As an incredibly brand-driven organization, the Cosmo knew their chatbot needed to be flawlessly branded and human-centred. Specifically, said Matt Moore, the SVP of AI at R/GA who led the project, it needed to have Cosmo’s signature “just the right amount of wrong.” They called Rose their Resident Mischief Maker—she has a personality, an elaborate backstory, and a repertoire of communication developed by a team of scriptwriters. She responds within 30 seconds and knows just when to transfer a guest to a human—along with a full record of the interaction so the guest never needs to repeat themselves.
Cosmo guests who interact with Rose are 30% happier and spend 15% more money. The key takeaway? Chatbots are inevitable for brands—in fact, Moore predicts they’ll be like websites: in a few years, if you don’t have one, you’ll be left behind. Brands that spend the extra time developing that experience and making their bot a branded experience will see a return. There’s about to be a huge demand for “conversational architects”—skilled scriptwriters who can create human dialogue.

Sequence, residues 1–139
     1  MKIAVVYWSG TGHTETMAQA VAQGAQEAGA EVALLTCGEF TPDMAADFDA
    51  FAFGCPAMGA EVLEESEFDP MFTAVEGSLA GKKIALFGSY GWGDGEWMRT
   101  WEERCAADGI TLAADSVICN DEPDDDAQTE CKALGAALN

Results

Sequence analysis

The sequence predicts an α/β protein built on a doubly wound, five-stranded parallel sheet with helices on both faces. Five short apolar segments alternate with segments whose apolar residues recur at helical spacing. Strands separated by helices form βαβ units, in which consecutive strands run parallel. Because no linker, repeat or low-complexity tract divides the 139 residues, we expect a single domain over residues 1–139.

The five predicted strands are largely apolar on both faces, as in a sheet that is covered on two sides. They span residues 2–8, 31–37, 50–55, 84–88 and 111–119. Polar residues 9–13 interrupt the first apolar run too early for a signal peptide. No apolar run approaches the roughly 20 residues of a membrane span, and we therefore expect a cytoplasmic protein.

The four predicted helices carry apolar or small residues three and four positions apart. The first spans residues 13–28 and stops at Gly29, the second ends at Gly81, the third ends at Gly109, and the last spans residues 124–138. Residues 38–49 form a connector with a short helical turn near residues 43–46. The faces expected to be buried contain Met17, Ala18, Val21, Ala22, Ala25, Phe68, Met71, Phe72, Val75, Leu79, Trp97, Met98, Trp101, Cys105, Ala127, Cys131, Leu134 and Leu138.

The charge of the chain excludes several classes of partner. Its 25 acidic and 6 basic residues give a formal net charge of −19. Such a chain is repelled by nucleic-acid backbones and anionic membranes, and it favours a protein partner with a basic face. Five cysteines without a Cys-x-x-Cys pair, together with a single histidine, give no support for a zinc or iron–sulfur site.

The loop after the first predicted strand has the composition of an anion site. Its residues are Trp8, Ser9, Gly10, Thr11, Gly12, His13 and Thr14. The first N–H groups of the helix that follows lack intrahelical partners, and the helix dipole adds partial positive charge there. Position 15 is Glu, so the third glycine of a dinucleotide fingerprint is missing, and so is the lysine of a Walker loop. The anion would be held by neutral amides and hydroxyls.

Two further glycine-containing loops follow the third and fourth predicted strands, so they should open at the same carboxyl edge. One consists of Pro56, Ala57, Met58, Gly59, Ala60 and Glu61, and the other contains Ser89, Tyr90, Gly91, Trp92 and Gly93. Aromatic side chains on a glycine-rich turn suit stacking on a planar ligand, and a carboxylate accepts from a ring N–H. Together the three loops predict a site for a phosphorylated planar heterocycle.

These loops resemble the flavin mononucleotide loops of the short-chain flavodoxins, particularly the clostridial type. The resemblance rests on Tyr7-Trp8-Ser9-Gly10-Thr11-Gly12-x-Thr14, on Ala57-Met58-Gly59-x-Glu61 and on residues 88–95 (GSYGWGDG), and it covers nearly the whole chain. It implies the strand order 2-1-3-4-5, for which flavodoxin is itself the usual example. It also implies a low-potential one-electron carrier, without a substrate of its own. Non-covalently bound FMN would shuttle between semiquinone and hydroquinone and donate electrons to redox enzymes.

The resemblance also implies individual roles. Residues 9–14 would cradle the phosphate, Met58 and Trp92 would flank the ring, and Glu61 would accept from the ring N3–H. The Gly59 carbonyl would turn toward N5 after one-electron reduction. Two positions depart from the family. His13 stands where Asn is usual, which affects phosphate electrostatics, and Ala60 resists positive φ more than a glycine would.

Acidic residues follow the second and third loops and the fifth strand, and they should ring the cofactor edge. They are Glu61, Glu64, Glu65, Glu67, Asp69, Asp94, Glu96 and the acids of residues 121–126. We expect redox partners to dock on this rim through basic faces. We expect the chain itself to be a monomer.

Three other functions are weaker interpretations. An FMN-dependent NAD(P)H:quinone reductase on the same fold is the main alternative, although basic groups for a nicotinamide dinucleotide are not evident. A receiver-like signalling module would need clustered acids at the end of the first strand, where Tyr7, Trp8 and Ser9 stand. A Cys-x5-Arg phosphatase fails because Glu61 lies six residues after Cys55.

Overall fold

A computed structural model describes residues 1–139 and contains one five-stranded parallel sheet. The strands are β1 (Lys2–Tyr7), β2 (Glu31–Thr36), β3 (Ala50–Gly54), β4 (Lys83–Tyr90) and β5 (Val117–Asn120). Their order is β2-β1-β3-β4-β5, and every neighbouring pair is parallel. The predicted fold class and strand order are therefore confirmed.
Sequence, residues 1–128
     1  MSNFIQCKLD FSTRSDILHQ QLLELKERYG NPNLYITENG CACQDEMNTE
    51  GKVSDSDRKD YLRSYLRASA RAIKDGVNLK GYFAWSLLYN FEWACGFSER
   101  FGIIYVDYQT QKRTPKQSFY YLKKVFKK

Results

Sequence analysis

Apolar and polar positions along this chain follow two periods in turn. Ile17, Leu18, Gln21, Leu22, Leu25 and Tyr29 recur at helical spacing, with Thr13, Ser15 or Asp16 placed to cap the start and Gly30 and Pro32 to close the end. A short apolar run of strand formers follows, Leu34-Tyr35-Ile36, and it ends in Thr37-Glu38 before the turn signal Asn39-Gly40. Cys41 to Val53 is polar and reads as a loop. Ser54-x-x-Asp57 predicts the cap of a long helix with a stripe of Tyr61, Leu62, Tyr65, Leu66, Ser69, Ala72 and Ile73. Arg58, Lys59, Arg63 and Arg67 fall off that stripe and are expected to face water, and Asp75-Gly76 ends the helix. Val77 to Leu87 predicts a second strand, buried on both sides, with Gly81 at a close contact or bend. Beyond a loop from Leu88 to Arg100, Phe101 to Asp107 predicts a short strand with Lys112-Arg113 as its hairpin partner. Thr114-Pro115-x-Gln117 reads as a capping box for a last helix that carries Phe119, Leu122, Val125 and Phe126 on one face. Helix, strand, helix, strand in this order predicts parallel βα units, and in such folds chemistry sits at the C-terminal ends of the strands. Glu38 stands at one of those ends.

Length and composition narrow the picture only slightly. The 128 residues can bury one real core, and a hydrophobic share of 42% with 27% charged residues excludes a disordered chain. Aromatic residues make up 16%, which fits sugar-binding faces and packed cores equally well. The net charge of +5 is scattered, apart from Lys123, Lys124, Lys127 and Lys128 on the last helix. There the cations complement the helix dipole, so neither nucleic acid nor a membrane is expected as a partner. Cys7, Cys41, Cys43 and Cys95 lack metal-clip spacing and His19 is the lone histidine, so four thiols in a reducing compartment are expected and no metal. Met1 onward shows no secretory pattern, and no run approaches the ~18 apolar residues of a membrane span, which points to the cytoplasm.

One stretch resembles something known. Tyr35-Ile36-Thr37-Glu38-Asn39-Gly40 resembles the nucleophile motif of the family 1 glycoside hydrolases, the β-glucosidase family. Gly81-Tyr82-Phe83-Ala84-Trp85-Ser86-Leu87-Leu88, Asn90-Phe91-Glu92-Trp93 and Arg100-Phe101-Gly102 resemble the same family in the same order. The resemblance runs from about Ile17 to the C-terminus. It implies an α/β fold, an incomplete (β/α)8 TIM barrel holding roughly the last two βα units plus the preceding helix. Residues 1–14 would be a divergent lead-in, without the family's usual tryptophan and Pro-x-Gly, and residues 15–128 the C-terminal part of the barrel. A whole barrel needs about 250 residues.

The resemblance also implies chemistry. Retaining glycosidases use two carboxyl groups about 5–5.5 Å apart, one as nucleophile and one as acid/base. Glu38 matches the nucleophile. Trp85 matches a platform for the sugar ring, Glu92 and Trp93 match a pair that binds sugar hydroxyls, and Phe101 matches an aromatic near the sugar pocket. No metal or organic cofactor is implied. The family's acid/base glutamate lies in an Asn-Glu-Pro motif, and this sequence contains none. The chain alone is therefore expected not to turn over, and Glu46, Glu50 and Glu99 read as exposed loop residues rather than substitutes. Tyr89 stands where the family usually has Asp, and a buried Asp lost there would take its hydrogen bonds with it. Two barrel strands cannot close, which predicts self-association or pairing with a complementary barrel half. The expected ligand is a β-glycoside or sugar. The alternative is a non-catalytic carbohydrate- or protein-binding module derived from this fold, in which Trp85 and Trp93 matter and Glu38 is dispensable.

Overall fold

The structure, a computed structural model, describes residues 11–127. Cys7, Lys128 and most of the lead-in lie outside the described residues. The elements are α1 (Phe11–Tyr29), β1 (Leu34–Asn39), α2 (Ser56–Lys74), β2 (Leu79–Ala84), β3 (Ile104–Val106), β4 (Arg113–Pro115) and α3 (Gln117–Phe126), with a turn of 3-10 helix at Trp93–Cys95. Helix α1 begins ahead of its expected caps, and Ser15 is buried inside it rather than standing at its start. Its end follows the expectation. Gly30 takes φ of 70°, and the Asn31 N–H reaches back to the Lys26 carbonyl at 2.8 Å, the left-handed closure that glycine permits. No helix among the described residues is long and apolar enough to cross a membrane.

Noted. We’re already working on that job description. ;)
People are STILL talking about authenticity
Authenticity has almost lost its meaning in the brand and marketing world. We avoid using the word at all costs, yet as marketers we exist to evoke the feeling. In a session featuring leaders from Taco Bell, children’s line Rockets of Awesome, Sprout Social and AJ Hassan (the agency genius behind the lauded Always “Like a Girl” campaign) we learned that this desire for authentic brands is being driven by women.
Surprise! Women buy 70% of all consumer goods (including 50% of products for men), but only 1 in 5 C-suite leaders are women and only 30% of agency leaders are women.*. So a majority of marketing messages are being created by men for women.